A Biological Model of Unions
Harvard University - Department of Economics; Brookings Institution; National Bureau of Economic Research (NBER); Center for Global Development
Benjamin A. Olken
Massachusetts Institute of Technology (MIT) - Department of Economics; National Bureau of Economic Research (NBER); Harvard University - Society of Fellows
NBER Working Paper No. w8257
This paper applies principles from evolutionary biology to the study of unions. We show that unions which maximize the present discounted wages of current members will be displaced in evolutionary competition by unions with more moderate wage policies that allow their firms to live longer. This suggests that unions with constitutional incumbency advantages that allow leaders to moderate members' wage demands may have a selective advantage. The model also suggests that industries with high turnover of firms will have low unionization rates, and that there may be one equilibrium with high unionization and long-lived firms and another with low unionization and short-lived firms. These predictions seem broadly consistent with the data.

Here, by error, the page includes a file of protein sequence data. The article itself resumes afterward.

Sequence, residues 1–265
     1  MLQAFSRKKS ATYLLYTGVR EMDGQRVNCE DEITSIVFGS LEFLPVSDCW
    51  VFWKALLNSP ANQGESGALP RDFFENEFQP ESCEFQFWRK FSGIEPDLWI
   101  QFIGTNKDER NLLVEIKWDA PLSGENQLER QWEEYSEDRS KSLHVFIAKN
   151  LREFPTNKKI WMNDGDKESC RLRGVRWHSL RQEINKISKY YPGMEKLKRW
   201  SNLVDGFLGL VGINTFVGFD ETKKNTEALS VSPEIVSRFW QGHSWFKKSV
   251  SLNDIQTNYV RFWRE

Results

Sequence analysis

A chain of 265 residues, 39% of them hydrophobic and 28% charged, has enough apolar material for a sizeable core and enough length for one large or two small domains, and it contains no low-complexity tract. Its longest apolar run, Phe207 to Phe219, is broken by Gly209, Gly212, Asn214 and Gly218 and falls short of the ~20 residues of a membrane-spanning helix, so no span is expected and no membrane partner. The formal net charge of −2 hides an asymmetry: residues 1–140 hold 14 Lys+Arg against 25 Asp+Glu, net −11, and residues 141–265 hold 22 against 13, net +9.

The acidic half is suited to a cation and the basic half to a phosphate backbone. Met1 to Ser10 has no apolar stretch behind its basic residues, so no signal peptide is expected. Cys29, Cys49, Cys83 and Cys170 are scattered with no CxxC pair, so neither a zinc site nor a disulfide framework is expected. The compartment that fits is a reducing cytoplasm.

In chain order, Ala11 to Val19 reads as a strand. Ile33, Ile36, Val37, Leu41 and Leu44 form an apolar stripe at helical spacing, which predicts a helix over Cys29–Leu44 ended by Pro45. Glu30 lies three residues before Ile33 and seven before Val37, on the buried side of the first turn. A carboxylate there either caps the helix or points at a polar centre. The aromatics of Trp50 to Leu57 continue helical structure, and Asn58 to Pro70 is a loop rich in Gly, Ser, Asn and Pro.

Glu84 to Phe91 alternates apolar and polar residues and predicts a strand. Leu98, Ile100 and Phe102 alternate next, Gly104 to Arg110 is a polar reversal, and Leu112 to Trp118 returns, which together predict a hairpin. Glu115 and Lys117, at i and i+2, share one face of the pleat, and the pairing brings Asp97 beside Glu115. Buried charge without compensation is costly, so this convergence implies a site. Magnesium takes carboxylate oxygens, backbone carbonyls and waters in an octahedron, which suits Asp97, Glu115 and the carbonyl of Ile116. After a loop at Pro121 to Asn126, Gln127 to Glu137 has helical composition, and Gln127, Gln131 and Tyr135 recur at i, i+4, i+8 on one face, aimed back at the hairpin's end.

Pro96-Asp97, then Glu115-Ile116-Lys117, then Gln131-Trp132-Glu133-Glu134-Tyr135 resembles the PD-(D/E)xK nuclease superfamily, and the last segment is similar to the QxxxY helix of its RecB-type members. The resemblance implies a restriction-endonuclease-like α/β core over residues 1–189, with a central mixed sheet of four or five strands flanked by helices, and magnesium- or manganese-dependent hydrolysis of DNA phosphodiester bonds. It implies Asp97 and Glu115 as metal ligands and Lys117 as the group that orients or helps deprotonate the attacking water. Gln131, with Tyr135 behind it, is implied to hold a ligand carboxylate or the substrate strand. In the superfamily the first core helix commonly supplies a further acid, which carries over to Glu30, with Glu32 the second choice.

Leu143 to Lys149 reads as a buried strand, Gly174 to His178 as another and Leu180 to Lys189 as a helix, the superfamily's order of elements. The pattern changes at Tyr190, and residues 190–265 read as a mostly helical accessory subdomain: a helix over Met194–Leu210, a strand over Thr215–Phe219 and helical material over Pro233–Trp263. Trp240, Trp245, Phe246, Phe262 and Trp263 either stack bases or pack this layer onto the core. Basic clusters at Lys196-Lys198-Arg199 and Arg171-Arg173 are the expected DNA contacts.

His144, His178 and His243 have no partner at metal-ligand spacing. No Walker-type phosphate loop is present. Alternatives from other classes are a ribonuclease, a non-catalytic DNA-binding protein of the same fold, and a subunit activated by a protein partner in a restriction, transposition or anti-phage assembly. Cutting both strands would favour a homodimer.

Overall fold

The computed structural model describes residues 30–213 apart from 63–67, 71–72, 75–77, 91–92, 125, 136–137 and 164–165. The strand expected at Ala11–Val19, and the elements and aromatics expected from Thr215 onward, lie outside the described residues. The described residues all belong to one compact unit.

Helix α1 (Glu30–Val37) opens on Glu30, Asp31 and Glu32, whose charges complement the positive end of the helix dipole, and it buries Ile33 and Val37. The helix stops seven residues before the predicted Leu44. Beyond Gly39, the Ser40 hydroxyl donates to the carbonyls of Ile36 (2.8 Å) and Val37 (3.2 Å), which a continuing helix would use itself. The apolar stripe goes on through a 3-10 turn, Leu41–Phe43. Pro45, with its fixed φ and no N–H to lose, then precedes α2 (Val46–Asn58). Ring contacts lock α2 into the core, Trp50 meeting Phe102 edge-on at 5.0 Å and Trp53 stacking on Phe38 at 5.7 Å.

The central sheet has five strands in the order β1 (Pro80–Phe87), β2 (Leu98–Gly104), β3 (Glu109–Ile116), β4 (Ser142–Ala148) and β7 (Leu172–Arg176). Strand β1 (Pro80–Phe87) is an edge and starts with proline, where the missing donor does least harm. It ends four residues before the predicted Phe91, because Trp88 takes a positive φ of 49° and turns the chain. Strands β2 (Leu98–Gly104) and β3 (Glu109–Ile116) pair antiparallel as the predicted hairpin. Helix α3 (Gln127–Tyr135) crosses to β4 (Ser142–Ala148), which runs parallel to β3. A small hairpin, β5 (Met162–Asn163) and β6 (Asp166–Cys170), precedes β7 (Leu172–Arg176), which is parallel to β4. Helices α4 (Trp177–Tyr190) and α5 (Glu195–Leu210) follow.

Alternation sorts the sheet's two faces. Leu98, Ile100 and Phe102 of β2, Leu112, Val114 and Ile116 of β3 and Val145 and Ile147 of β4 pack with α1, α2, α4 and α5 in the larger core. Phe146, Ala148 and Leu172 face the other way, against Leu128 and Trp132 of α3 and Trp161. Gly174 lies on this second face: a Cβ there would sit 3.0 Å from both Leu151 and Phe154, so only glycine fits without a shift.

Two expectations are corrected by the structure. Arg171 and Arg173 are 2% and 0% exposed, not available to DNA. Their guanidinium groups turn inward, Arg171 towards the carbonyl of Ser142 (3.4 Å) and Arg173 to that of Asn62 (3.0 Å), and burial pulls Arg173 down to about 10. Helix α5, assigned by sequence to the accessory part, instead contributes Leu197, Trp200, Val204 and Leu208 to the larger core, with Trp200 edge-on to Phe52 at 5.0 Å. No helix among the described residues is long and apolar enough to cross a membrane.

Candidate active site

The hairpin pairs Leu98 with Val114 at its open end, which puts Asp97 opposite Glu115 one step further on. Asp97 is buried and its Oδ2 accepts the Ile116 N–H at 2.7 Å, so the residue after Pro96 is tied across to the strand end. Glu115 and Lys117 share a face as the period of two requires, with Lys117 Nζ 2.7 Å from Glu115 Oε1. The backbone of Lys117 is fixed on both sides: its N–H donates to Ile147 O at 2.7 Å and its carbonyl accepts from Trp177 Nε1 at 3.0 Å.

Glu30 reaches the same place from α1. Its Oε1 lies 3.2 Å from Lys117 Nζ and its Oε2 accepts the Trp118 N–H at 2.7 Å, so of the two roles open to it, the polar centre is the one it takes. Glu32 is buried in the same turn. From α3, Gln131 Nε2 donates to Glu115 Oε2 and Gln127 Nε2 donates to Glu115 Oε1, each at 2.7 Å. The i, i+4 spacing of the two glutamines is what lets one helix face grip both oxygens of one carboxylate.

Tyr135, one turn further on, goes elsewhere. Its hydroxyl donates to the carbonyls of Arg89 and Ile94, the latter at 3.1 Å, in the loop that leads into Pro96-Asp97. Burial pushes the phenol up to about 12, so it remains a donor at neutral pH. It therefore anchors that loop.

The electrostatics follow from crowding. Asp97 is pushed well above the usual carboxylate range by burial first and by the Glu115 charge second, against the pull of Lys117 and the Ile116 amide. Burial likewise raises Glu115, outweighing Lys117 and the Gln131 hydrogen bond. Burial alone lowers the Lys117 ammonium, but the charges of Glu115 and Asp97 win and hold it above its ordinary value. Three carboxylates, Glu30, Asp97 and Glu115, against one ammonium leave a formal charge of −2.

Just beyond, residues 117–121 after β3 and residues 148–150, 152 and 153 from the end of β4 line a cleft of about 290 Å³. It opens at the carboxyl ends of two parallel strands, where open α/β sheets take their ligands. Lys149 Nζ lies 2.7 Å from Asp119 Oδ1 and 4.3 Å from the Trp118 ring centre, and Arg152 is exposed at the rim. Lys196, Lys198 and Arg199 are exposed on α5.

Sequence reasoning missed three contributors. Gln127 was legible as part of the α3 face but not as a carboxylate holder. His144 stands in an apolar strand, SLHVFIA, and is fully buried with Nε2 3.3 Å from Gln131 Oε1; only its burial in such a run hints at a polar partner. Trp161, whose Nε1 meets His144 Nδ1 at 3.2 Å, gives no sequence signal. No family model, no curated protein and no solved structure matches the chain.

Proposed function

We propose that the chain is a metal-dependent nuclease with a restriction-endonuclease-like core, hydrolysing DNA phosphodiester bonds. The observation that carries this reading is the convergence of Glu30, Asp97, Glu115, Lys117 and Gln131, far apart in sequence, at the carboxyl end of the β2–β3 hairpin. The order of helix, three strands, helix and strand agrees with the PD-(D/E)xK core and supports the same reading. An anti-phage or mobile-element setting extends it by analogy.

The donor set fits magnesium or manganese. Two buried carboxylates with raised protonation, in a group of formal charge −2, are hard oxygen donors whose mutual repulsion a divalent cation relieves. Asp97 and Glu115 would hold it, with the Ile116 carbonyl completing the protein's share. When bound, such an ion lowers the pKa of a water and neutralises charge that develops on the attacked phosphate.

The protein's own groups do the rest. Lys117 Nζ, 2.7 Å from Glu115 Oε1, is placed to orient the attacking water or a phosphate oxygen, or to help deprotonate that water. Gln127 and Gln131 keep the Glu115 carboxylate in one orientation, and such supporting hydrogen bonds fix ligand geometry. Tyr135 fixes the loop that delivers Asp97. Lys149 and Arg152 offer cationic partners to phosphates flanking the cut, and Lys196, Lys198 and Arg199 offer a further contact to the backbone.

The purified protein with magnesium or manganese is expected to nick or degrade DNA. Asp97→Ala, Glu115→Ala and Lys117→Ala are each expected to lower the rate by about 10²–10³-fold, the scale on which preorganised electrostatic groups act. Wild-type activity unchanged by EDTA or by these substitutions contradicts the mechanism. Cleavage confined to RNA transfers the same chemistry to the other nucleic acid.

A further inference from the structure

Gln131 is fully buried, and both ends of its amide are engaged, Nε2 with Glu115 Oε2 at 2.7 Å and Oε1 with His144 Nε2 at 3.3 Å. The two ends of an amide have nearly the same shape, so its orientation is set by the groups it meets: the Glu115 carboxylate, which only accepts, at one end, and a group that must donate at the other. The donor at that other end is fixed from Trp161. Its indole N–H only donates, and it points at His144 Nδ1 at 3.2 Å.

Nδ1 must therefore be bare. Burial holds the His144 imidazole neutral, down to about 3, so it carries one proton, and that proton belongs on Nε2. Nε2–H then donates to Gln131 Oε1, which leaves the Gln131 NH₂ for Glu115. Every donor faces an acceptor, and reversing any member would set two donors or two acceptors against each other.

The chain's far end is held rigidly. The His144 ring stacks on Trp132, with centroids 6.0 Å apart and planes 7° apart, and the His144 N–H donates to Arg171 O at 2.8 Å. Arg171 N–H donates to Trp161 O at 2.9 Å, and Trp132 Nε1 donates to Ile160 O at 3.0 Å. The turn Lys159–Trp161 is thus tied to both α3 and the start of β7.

Number of Pages in PDF File: 58working papers series
Date posted: May 1, 2001
© 2013 Social Science Electronic Publishing, Inc. All Rights Reserved.
This page was processed by apollo2 in 0.329 seconds